Tuesday, August 16, 2011
Big Night for the Bucs
Not sure how much we all know about what happened last night, but it was ENORMOUS for the Pirates so I figure I'll give a little recap.
The MLB first-year player draft (also known as the Rule 4 draft) was held in Secaucus, New Jersey two months ago. No players showed up because it was right in the middle of their seasons and it was in Secaucus, among other things.
On that night, the Pirates selected RHP Gerritt Cole out of UCLA, one of the handful of players worthy of the top pick in what is considered to be one of the deepest talent pools in the history of the draft. (Cole had been selected 30th overall by the Yankees, not because of talent but because of his strong commitment to UCLA, three years earlier and decided not to sign.)
In the second round, the Pirates took a flier on arguably the best high school hitter in the draft -- and remember, good hitters rarely even wind up in college because teams tend to snatch them up out of high school -- outfield monster-masher, Josh Bell. With their first two picks, the Bucs had selected a legit frontline ace pitching prospect and one of, if not the, best bat in the draft.
Last night, they spent $13 million to sign their top two picks.
Before we go on to explain why this matters -- teams spend money on top draft picks all the time -- a little about Bell:
Bell hit .548 as a senior at Jesuit (Texas) High School with 13 home runs, 54 RBIs and a 1.054 slugging percentage.
Baseball America ranked Bell as the nation's top corner outfielder available in this year's draft.
The reason he fell to the Pirates in the second round was that most (all) considered him unsignable. About a month ago, Baseball America prospect expert, Jim Callis, explained that part of the equation:
Before the draft, Bell wrote a letter to the MLSB (MLB Scouting Bureau) stating his desire to bypass pro ball to attend the University of Texas. While some might see this as a bargaining ploy and note that Bell will be advised by the Boras Corp., multiple sources have told Baseball America that they believe Bell and his mother (a professor at Texas-Arlington) are set on him going to college. One said he didn't think Bell would sign for $20 million...
I think they could find plenty of money to tempt Bell with, but I think he's destined to be a Longhorn.
We have seen this before, but in most cases the industry shrugs off the initial gesture and gets down to business determining what dollar amount would get the kid to sign. But for Bell, it appeared that even astronomical numbers had little chance at persuading him to forgo college.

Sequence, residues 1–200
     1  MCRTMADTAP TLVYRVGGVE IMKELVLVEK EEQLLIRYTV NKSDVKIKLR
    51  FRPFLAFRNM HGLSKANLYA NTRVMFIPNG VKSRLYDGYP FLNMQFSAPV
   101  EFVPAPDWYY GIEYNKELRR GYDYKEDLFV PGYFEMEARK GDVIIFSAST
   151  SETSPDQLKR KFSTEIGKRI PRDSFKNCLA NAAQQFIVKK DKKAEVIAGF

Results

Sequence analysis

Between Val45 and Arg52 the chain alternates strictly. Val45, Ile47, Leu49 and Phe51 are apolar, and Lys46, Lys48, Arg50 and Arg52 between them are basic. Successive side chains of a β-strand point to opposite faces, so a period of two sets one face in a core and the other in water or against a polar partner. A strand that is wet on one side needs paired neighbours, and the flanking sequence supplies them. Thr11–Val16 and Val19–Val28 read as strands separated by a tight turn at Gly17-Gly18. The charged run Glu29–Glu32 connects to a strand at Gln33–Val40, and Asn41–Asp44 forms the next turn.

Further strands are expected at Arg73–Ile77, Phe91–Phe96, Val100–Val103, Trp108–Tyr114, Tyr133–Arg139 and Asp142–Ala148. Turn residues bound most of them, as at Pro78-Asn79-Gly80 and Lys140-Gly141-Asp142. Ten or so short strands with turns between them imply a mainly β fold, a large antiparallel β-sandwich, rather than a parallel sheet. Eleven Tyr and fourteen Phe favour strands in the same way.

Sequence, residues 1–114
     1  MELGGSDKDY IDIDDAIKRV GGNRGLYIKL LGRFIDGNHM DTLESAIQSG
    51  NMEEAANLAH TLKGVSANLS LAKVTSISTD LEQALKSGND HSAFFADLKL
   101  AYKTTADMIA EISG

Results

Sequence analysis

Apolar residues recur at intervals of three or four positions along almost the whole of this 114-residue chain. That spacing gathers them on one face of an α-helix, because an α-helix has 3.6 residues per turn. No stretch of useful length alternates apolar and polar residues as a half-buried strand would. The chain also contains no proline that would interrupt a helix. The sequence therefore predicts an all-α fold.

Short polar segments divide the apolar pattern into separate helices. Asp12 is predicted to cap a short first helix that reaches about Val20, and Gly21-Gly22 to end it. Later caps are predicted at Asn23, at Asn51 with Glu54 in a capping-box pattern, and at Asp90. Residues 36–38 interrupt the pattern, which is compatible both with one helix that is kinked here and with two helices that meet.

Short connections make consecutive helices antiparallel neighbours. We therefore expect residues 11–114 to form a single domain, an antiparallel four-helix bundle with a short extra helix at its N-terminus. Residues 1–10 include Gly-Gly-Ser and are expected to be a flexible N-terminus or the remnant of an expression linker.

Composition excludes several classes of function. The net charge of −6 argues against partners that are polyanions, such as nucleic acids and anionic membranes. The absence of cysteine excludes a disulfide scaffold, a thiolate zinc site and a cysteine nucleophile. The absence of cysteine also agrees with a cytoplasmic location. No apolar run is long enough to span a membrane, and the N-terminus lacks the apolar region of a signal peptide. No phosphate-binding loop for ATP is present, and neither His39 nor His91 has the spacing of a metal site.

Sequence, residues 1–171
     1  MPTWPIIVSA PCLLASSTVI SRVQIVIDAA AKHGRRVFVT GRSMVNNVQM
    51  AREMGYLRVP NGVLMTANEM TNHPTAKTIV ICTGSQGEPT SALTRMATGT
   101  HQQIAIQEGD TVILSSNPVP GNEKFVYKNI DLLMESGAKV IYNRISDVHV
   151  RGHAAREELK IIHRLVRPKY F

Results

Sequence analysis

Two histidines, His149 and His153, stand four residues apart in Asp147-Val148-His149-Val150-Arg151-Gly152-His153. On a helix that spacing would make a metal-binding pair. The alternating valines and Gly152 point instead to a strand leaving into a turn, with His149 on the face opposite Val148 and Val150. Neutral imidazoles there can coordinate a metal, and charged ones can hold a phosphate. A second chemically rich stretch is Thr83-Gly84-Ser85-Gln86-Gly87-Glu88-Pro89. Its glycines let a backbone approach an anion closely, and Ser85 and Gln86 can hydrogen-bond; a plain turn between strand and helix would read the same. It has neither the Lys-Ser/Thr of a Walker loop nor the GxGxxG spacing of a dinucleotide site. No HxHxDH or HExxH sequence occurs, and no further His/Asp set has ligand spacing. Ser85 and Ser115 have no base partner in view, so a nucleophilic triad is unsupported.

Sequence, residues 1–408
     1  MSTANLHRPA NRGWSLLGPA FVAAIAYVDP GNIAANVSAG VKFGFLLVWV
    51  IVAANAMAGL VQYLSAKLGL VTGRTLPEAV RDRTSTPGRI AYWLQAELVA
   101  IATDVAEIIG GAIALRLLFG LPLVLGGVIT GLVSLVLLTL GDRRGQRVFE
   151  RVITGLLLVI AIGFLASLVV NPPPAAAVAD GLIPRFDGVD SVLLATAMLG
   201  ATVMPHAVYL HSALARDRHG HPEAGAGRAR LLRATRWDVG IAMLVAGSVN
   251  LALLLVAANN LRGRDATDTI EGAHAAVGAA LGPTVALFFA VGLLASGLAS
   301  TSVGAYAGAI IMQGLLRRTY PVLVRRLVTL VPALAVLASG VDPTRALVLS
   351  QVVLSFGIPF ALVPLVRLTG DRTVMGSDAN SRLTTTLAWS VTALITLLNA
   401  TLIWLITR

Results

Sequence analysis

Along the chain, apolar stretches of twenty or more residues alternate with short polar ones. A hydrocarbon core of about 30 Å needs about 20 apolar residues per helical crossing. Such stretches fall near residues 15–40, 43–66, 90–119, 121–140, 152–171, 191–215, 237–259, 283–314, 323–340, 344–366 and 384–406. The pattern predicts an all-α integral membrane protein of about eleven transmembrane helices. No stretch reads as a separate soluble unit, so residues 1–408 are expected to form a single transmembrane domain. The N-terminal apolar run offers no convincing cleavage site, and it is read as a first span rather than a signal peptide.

But the Buccos drafted him with the first pick in the second round, and bless them for it. Unlike last year, when the Dodgers selected strong LSU QB-commit, Zach Lee, in what appeared to be an attempt to punt the pick and save money (they did eventually sign him, thankfully), Pittsburgh G.M. Neil Huntington took Bell for all the right reasons: he was by far the best player on the board, a worthy investment of funds for the still-building Pirates and a low-risk gamble that would net them a compensatory pick in next year's draft just one spot later if he did, indeed, head to school.
And last night at midnight, he signed. For $5 million, he shattered the previous record for a signing bonus outside of the first round (it was $2.25 million) and joins the growing stable of high-impact talent coming together in Pittsburgh's farm system that is rapidly becoming one of the best in the league.
A year ago they took the best pitching prospect in the draft with the second overall pick (Jameson Taillon, a flamethrowing high school righty out of Texas who has turned out to be even better than most expected) and another high-upside high schooler, Stetson Allie, in the second round for $2.25 million. They paid nearly $10 million to sign both, a clear indication of their commitment to drafting AND signing top talent.
This year's performance eclipsed that. It's official: if you root for a baseball team, you can now confidently say you want it to draft like the Pirates. That is a far cry from what it used to be only a couple of years ago (under different management), when they routinely bypassed superior talent in favor of cheaper, less projectable players. For someone who grew up a Pirates fan and has heard his share of complaining, usually warranted, about the state of the franchise, I feel the need to give credit where credit is due.
They set off in the right direction when they hired a smart, young G.M. with the sensibility to accept the way things were and dedicate resources to rebuilding. Ownership has supported this movement and the results are unquestionably and overwhelmingly positive. A fluky stretch this season that had them sniffing first place was nice, as were the token acquisitions of "big" name players like Derrek Lee and Ryan Ludwick to show the fanbase that the team cares.
They have faded as predicted, but have remained focused all along on the bigger picture: building a contender within the next few seasons. Reaching .500 would be great, and they still could, but getting to the playoffs consistently is the goal, and on Monday night they took yet another giant step towards that. Raise the Jolly Roger, Let's go Bucs!